Zazaki

Overview Zazaki, also simply called Zaza, is a Kurdish language that comes from the branch of Indo-European languages common to Northwest Iran. There are several dialects of Zazaki

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Overview

Zazaki, also simply called Zaza, is a Kurdish language that comes from the branch of Indo-European languages common to Northwest Iran. There are several dialects of Zazaki with notable differences in phonetics and morphology.[i]

 

History

Very few literary works have ever been written in Zazaki. The earliest known Zazaki texts are two early 20th century mawluds employing Arabic script. In the 1970s a short-lived publication called Tirej was written in a form of Zazaki but was later banned by the Turkish government in 1980. Several other small literary and poetical writings have been produced in Zazaki, but generally have an exclusive and small reading audience.

 

Contemporary Uses

Zazaki is spoken primarily in the southeastern parts of Turkey near Sivas, Bitlis, and Diyarbakir. In Dersim/Tunceli, Zazaki users actually refer to their language as Kurmanji, while confusingly referring to Kurmanji as Herewere or Kurdasi. Overall, due to political influence by the Turkish government, the youth of communities where Zazaki has been traditionally spoken now mainly use Turkish for social, educational, and economic purposes.[ii] 

In the 1970s a short-lived publication called Tirej was written in a form of Zazaki but was later banned by the Turkish government in 1980. Several other small literary and poetical writings have been produced in Zazaki, but generally have an exclusive and small reading audience. Although not presently used for many literary purposes, Zazaki is commonly sung in contemporary music recordings where the language is spoken.[iii]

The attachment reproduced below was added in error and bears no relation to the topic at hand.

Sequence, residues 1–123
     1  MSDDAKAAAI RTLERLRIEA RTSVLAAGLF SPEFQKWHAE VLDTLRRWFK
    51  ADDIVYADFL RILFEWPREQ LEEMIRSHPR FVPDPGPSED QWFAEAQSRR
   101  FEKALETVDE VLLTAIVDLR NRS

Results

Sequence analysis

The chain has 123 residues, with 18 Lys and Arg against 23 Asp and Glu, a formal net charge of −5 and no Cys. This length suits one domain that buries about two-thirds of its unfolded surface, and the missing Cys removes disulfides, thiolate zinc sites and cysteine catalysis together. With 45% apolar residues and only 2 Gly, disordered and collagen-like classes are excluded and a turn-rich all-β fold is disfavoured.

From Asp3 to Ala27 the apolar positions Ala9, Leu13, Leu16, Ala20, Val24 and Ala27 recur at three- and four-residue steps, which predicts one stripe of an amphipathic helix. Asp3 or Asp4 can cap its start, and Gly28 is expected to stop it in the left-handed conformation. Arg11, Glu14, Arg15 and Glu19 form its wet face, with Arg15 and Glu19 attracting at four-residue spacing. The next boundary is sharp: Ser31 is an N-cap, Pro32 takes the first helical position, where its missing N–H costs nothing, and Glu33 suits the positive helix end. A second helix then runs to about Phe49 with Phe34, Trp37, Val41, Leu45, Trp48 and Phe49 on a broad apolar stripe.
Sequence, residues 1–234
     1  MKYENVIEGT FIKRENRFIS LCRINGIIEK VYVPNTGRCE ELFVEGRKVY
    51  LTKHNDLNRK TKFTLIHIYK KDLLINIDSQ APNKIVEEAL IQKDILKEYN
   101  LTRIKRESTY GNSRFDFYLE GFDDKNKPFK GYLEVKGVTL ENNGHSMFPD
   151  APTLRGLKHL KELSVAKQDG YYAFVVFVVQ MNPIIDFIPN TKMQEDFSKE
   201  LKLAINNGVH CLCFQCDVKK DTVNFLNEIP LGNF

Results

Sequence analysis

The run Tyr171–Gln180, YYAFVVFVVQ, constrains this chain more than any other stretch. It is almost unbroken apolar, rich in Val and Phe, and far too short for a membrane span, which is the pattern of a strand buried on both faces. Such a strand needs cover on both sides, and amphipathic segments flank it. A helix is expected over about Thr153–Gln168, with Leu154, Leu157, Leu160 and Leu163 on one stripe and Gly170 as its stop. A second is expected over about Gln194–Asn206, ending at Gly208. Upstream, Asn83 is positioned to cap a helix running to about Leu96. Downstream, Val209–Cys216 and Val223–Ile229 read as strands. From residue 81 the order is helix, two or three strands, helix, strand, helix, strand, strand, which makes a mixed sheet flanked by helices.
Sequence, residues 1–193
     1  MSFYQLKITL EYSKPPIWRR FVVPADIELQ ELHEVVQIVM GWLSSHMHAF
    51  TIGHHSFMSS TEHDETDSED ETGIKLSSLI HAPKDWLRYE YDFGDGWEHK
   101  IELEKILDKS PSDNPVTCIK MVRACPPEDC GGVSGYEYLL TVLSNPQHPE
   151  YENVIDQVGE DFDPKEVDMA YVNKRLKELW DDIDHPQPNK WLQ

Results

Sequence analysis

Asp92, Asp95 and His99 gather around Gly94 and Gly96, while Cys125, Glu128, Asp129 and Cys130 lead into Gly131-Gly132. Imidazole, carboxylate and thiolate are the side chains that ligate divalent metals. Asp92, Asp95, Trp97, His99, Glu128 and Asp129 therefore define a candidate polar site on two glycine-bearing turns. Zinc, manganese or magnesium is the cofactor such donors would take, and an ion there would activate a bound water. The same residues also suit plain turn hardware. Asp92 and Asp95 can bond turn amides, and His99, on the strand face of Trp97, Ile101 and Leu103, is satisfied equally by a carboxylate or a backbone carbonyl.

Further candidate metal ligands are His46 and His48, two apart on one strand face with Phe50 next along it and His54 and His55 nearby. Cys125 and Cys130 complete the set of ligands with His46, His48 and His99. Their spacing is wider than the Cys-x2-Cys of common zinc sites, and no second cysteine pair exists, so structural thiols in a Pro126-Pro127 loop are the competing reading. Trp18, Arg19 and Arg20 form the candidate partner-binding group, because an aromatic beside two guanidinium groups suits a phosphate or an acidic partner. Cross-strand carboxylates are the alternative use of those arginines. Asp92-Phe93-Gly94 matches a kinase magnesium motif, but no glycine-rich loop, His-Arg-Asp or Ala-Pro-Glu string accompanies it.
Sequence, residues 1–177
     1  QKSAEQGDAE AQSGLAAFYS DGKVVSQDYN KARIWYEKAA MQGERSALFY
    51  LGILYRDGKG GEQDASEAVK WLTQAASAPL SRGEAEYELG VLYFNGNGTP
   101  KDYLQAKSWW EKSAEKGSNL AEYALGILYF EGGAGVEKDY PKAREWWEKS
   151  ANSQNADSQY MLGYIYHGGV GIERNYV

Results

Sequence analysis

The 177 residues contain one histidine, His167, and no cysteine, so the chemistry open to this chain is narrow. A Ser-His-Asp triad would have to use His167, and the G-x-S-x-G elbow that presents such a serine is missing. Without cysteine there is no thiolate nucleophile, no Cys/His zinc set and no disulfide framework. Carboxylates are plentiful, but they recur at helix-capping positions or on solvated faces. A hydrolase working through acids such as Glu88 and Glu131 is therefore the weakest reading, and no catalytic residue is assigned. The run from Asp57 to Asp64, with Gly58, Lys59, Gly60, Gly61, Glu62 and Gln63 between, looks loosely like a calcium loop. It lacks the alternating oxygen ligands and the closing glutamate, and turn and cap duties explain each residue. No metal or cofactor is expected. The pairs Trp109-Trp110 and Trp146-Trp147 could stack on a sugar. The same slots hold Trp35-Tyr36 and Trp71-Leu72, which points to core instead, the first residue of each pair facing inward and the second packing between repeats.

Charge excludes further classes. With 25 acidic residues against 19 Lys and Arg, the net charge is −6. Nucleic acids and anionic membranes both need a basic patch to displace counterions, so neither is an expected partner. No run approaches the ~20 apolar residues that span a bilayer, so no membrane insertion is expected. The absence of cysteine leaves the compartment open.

Common Phrases

These simple and very basic conversational phrases are useful for travelers in Kurdish areas where Zazaki is spoken. 

"Hello" - "Selam" or "Ma be xér" 

"Good morning" - "Sodır be xér" 

"Please" - "Xeyr de xo"

"Thank you" - "Weş u war be" or "Berxudar be" 

"Yes" - "E"

"No" - "Né"

"What's your name?" - "Namey to çık o?"

 

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[i] Dr. Michael Leezenberg. "Gorani Influence on Central Kurdish." Kurdish Academy of Language. Retrieved 2014-05-22.

 

[ii] Dr. Michael Leezenberg. "Gorani Influence on Central Kurdish." Kurdish Academy of Language. Retrieved 2014-05-22.

 

[iii] Dr. Michael Leezenberg. "Gorani Influence on Central Kurdish." Kurdish Academy of Language. Retrieved 2014-05-22.

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